For my undergraduate education, I attended Southern Methodist University in Dallas, where I grew up. During the second semester of my freshman year I joined the Phi Gamma Delta fraternity. We would hold our weekly chapter meetings every Monday night and recite a famous quote by former president and fellow "Fiji" Calvin Coolidge.

"Nothing in this world can take the place of persistence. Talent will not: nothing is more common than unsuccessful men with talent. Genius will not; unrewarded genius is almost a proverb. Education will not: the world is full of educated derelicts. Persistence and determination alone are omnipotent."

At this point in my life I didn't quite grasp the magnitude of what persistence and determination would mean to me. Or how successful people don't have greater luck than others. They work hard to create and seize opportunities that drive them towards achieving goals with a clear vision.

This applies to both our personal and professional lives. No matter what success means to the individual, studies actually show that those who exhibit more "grit" and persistence have a better chance of reaching milestones and exceeding personal goals.

And guess what? Grit, like many other competencies, is something that can be developed with practice. After graduating from SMU with degrees in finance and economics, I accepted a position as a financial analyst with Trammell Crow Company. During this time I was training with one of my fraternity brothers who was preparing to join the Navy after he graduated a year behind me. He had set a lofty goal to become a Navy SEAL. At the time, my perspective was that he was being highly unrealistic. This was apparently the most challenging Special Operations training and selection process in the world. But I was on board to support my friend and help him prepare.

Over time, I became more and more fascinated with the Navy SEAL high-performance culture and never-quit mentality. I realized that outside of participating in sports such as swimming and rugby and having hobbies like skydiving, I had never truly tested my limits. I had never set and achieved a goal that seemed totally insurmountable. So one day, while sifting through mounds of financial data at work, I had an epiphany. I was going to serve my country as a Navy SEAL.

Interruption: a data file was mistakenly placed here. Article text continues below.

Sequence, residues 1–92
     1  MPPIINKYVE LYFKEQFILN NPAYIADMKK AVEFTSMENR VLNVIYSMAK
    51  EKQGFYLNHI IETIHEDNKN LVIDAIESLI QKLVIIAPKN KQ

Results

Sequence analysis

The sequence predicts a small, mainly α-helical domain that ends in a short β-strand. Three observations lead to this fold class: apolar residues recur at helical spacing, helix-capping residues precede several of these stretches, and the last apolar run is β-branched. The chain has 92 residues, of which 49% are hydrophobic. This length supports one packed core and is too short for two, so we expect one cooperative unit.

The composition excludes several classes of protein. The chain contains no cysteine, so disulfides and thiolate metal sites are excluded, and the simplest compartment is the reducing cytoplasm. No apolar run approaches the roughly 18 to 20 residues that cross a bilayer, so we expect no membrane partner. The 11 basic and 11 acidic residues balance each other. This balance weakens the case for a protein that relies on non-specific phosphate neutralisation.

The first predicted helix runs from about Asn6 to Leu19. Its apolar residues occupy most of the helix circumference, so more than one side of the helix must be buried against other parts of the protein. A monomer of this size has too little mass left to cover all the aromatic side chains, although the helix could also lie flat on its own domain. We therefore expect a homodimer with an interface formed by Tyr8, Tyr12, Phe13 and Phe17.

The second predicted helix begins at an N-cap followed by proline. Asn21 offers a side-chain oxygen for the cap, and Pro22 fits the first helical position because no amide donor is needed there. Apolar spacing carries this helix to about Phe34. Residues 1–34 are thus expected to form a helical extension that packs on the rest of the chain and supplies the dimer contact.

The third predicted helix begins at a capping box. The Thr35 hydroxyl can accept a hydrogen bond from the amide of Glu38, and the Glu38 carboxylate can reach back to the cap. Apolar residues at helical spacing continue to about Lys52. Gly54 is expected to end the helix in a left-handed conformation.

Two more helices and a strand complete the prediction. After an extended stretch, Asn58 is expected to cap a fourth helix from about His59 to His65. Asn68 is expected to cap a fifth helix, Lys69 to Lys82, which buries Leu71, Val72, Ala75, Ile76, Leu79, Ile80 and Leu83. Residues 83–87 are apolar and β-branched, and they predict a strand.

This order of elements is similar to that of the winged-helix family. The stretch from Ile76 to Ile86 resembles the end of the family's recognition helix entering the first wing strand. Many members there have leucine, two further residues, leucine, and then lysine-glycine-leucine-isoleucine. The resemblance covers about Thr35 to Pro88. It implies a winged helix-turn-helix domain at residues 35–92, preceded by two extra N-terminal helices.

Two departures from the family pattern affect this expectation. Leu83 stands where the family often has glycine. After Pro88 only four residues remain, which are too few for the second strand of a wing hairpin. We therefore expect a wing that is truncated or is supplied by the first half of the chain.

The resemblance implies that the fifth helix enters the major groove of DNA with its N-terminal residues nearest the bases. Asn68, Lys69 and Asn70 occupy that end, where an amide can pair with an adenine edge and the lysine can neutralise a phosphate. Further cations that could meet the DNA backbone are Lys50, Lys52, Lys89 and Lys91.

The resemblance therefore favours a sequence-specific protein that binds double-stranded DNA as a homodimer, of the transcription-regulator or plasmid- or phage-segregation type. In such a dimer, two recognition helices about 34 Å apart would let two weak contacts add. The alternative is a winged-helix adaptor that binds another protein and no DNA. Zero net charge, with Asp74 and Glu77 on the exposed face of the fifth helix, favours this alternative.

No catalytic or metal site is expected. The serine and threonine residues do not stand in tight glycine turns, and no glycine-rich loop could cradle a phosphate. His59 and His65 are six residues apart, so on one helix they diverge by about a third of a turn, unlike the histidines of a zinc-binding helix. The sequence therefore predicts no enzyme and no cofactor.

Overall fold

Our training regimen intensified over the coming months in preparation for entering the Navy in June of 2000. Every night after work I would run four miles to the pool at SMU, swim two miles, then run four miles home. On Saturdays we would run twenty miles around White Rock Lake. Seeking to push ourselves further we later moved to Crested Butte, CO to train for an additional four months at 10,000 FT altitude before surrendering our lives to US military.

I started realizing that the mental and physical aspects of becoming more "gritty" are not mutually exclusive. One's mind could be strengthened by pushing the body beyond perceived limits. That mental strength could then be leveraged to overcome other types of obstacles.

In September of 2000, I was standing on the beach in Coronado alongside my newly formed BUD/s Class (SEAL training class). Months later only twenty-three of the original class of over two hundred graduated. I get asked all the time what the hardest part of training was. For some it was being cold and wet all the time, for others it was certain physical evolutions they couldn't pass. For many, it was the overwhelming stress. I could have never hand picked the group standing next to me at graduation. The crucible of SEAL training is all about grit. You either have it or learn to rapidly develop it. Those that don't are of course provided other great opportunities to serve in a different capacity.